December 16, 2020

Reef Check in Jamaica: A Long-Term Management Success Story

By the National Environment and Planning Agency (NEPA)

Participants certified as Reef Check EcoDivers in 2015

Reef Check monitoring began in Jamaica in 2001 with the establishment of four long-term monitoring sites within the boundaries of Negril Marine Park. Over the years the location of the sites have been expanded and surveys conducted at several sites island-wide in an effort to fill existing gaps in information and provide a more comprehensive view of the current status of Jamaican reefs.

Jamaica conducted its first Reef Check training in Negril, Westmoreland in 2003 with the training of 17 volunteers. The training was in response to a need for a simple and systematic method of data collection that can be done by persons with limited or no scientific background. Following the training, the Jamaica Coral Reef Monitoring Network (JCRMN) was formed. This consisted of a group of volunteer divers who through their efforts increased the knowledge of the island’s reefs, especially those on the south coast. Extensive assessments were conducted on the reefs of the Portland Bight Protected Area; this was a year-long assessment which resulted in the survey of 13 reef sites. The reefs of the Port Royal Cays; Navy Island, Portland; and Boscobel, St. Mary were also assessed. The data collected has been used to inform the development of sustainable management programs.

In 2007, the National Environment and Planning Agency (NEPA) institutionalized Reef Check and has since partnered with various organizations such as JCRMN to conduct coral reef monitoring at various sites across the island. NEPA primarily focused its monitoring activities in marine protected areas including special fishery conservation areas (more commonly known as fish sanctuaries). The monitoring protocol employed in the annual assessment of Jamaica’s coral reefs characterizes coral reef community structure and health. At this time, the JCRMN was comprised of members involved in coral reef monitoring activities across the island including NGOs, dive clubs, MPA managers and the University of the West Indies. The Network suffered from the attrition of its volunteers and monitoring responsibilities was then primarily driven by NEPA.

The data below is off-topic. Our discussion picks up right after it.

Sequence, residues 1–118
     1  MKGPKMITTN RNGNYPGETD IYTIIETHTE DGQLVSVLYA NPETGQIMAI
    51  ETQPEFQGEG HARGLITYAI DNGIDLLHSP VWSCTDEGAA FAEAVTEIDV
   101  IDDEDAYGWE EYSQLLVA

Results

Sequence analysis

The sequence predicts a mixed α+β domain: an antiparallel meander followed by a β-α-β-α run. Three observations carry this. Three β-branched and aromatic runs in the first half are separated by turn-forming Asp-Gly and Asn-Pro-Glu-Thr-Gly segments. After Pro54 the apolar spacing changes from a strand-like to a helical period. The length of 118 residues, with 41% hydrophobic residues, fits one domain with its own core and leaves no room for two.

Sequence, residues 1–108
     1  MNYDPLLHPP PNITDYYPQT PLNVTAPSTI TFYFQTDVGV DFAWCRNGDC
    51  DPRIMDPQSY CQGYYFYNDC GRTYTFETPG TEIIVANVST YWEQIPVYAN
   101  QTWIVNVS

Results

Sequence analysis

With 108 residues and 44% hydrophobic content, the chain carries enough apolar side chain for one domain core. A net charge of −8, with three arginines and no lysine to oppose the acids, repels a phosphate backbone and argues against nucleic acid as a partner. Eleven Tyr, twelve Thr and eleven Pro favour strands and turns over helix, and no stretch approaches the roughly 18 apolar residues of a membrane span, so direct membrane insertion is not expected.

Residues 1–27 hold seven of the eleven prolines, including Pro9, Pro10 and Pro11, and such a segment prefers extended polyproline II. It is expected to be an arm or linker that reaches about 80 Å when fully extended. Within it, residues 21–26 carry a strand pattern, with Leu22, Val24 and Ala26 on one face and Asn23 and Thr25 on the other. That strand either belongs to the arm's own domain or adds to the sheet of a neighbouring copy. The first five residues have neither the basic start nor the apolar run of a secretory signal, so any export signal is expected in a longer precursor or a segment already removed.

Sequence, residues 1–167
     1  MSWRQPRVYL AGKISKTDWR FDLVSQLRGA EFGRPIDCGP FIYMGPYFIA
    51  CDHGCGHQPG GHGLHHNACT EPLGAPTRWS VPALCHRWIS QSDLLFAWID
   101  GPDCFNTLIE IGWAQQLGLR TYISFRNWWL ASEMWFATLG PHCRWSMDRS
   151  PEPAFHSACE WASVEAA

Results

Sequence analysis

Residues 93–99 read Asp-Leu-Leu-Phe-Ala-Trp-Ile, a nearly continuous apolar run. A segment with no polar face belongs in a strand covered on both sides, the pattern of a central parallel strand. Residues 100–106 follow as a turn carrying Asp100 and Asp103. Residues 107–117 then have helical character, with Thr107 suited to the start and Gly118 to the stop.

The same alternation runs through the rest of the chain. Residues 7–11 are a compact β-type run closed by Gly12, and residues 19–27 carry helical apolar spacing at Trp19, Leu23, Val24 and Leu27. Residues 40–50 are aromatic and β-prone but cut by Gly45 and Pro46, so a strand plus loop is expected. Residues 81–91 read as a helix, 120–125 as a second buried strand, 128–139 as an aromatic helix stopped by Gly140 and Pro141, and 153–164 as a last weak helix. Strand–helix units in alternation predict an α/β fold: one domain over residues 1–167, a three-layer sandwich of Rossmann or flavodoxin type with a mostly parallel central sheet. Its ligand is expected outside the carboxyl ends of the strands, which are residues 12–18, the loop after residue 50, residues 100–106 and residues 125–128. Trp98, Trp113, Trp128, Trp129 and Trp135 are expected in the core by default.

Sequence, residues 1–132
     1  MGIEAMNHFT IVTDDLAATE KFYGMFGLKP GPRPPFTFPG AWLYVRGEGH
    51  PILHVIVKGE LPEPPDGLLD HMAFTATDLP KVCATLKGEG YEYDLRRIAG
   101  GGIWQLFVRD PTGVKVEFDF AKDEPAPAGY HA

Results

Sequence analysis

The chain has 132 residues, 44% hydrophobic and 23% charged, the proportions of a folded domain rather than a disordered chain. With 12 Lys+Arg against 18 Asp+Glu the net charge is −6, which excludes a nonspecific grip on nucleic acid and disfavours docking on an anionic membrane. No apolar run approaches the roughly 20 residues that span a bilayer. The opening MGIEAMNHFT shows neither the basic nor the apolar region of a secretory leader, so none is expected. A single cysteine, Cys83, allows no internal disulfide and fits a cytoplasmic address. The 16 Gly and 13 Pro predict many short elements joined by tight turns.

In an aim to revitalize the monitoring network and increase the national reef monitoring capacity, NEPA staged a training to certify 12 volunteers as EcoDivers in 2015. The cadre of trainees consisted of sanctuary managers and game wardens/conservation officers from NGOs, marine protected areas and special fishery conservation areas. The training of persons involved in MPA management island-wide to become EcoDivers expanded the network of persons with a grasp of the status of reefs within their respective areas, as well as other sites and reporting to the Agency as the central repository. They have continued to assist in the collection of data annually within their respected protected areas.  The most recent training session in Jamaica was held in August 2020 where nine members of staff of NEPA were trained to enable the continuation of reef monitoring activities.

Jamaica has used the Reef Check methodology in conjunction with a modified version of the Atlantic and Gulf Rapid Reef Assessment (AGRRA) methodology (used to collect data on fish biomass) for the generation of a Coral Reef Health Index (CRHI) Report. The index measures the resilience of a reef by examining the ability of the reef community to maintain or restore structure and function and remain in an equivalent ‘phase’ as before events such as coral mortality.  The reef index is determined by the integration of four key indicators: coral cover, macro-algal cover, herbivorous fish abundance and commercially important fish abundance. The reef health index has become a method of effectively tracking reef status and the health status of reef systems within various marine protected areas that have been repeatedly monitored.  This data collected has been used to inform the implementation of adaptive management strategies for effective coral reef management.